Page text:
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4.26 Bilateral Factor

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allan

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4.26 Bilateral factor

When a partial disability results from disease or injury of both arms, or of both legs, or of paired skeletal muscles, the ratings for the disabilities of the right and left sides will be combined as usual, and 10 percent of this value will be added (i.e., not combined) before proceeding with further combinations, or converting to degree of disability. The bilateral factor will be applied to such bilateral disabilities before other combinations are carried out and the rating for such disabilities including the bilateral factor in this section will be treated as 1 disability for the purpose of arranging in order of severity and for all further combinations. For example, with disabilities evaluated at 60 percent, 20 percent, 10 percent and 10 percent (the two 10's representing bilateral disabilities), the order of severity would be 60, 21 and 20. The 60 and 21 combine to 68 percent and the 68 and 20 to 74 percent, converted to 70 percent as the final degree of disability.

(a) The use of the terms "arms" and "legs" is not intended to distinguish between the arm, forearm and hand, or the thigh, leg, and foot, but relates to the upper extremities and lower extremities as a whole. Thus with a compensable disability of the right thigh, for example, amputation, and one of the left foot, for example, pes planus, the bilateral factor applies, and similarly whenever there are compensable disabilities affecting use of paired extremities regardless of location or specified type of impairment.

(b) The correct procedure when applying the bilateral factor to disabilities affecting both upper extremities and both lower extremities is to combine the ratings of the disabilities affecting the 4 extremities in the order of their individual severity and apply the bilateral factor by adding, not combining, 10 percent of the combined value thus attained.

© The bilateral factor is not applicable unless there is partial disability of compensable degree in each of 2 paired extremities, or paired skeletal muscles.

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If the VA does not compute the bilateral factor correctly what course of action do you take if the decision has become final? Is there a chart that computes bilateral factor? If you believe the VA did not compute your bilateral factor correctly do you have to file another claim?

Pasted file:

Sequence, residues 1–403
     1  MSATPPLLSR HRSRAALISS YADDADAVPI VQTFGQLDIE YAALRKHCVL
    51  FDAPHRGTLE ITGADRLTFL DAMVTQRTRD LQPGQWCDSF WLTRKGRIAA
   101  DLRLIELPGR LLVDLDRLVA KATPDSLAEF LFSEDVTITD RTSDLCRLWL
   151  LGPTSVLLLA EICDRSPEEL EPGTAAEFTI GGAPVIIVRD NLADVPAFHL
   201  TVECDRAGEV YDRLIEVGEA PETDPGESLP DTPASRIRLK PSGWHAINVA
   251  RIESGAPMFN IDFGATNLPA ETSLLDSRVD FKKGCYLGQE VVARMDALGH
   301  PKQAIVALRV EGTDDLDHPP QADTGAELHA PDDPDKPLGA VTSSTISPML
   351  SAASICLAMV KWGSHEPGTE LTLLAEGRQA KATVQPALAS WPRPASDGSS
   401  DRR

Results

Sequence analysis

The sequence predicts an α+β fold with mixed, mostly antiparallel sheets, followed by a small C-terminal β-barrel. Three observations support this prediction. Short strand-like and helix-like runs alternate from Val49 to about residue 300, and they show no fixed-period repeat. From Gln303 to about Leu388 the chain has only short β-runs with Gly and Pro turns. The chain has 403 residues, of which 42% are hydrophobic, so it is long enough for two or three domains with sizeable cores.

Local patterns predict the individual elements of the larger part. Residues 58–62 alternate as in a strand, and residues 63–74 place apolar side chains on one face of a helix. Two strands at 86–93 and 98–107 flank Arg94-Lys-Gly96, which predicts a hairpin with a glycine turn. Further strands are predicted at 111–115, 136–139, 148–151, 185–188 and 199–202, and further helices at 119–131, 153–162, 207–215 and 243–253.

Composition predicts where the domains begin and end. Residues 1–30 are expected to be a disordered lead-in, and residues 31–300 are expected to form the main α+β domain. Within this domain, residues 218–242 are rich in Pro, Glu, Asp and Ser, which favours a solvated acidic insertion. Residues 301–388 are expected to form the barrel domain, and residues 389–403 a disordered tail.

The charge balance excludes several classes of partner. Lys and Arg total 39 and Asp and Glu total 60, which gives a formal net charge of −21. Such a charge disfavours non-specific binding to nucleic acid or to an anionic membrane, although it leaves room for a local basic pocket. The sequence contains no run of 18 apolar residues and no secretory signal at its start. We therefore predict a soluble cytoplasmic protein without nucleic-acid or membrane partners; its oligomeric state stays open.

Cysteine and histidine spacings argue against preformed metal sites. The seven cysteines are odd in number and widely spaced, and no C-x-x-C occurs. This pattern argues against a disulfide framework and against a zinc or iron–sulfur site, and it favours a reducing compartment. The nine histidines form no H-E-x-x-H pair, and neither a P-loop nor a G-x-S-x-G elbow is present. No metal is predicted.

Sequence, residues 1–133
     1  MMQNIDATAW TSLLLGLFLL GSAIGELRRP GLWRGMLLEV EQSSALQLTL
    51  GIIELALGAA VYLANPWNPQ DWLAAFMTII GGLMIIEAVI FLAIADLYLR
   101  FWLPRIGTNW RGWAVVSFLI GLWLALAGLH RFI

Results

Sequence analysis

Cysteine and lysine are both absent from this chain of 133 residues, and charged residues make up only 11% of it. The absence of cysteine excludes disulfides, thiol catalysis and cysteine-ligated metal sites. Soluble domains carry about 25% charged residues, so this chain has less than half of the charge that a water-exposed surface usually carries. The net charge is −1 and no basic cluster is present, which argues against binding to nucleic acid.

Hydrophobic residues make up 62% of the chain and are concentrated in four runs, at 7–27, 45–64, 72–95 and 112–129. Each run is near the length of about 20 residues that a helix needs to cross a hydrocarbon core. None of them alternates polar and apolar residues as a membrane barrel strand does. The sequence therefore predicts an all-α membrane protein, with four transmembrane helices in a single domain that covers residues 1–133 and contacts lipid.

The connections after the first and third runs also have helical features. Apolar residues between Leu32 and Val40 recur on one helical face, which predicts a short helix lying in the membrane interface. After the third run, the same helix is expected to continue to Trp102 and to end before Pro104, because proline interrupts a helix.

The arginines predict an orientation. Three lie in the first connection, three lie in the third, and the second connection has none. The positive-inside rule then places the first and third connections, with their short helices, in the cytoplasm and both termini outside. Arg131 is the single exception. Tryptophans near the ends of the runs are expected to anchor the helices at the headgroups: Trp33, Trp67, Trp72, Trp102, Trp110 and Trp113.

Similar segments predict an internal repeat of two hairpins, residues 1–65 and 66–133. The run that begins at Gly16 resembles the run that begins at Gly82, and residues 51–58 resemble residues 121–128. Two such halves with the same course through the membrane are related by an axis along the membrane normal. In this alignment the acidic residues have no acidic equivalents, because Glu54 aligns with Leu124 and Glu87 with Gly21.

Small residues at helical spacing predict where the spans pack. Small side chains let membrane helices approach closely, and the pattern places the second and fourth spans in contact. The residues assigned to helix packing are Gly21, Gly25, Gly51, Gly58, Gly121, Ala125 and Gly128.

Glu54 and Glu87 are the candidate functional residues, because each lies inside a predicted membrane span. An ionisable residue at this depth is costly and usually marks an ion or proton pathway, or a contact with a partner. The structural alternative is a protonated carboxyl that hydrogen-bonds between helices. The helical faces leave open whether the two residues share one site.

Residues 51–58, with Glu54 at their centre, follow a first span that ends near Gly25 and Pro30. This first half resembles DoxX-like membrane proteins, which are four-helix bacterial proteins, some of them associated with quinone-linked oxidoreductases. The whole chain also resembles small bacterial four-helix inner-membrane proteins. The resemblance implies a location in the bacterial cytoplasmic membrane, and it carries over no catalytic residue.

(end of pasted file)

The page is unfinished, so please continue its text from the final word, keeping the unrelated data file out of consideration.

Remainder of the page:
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There is a chart that computes bilateral factor, my Rep in Little Rock showed it to me, they add the to disability on a separate chart. My disability on both ankles which are 20% for each, they added the 20% and 20% and got 43.6%, but the answer to the question is they do have a chart that computes bilateral factor.

Ken

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The DVA does compute your bilater factor. You go by the spread sheets and don't do the math the way it supposed to do it. You can not get 43.6% disability. Here is how is works. It is called the whole person concept. You came into the military 100% whole unless you had a pre-existing condition.

100 minus 20% for the left ankle 100-20=80% Then you take 20% of 80% or 2x8=16+20=36%. You then take 10% of 36% which is 3.6. At .5 we round up and at .4 we round down. Thus 3.6=4 36+4=40%

If you know the math, you know that the DVA did it's job. You can't take shortcuts by using spread sheets that don't take the bilateral factor into accout and give you these bogus percentages. Use the Chart in Ch4 of 38 CFR. It is easy to read.

The problem I see in this forum and other forums is that people want to take the quick and (what they believe is the) easy way of doing things. Never assume. Ask people who have done this for a living. It is easy to understand. Don't advocate for the numbers to add up. I have worked for the DVA, these people would like nothing better than lower the numbers. People that have high percentages now would be reduced all because you want something. There is an old saying, "don't ask for something, you will get it!" What it means is, what you wanted isn't what your going to get.

There is a chart that computes bilateral factor, my Rep in Little Rock showed it to me, they add the to disability on a separate chart. My disability on both ankles which are 20% for each, they added the 20% and 20% and got 43.6%, but the answer to the question is they do have a chart that computes bilateral factor.

Ken

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etihwr just to let you know they combine the % when you get a bilateral factor, 20 and 20 are 40, you 40% of a 100% and the bilateral factor and the 3.6 was added by using the bilateral factor. I was in my reps office and he showed me on the comp he was using, they add the bilateral factor on one chart and added it to you other disability using a different chart. also I was just telling someone else that ask a question what happened to me, as for the way you talk to people about if you know math and tacking shortcuts on spreed sheets and asking for the easy way to do things, there is a nicer way to talk to people, you. Talk to them not at them or down to them. I know how to use charts, I can read, don,t thank people are all dumb on here.

Ken

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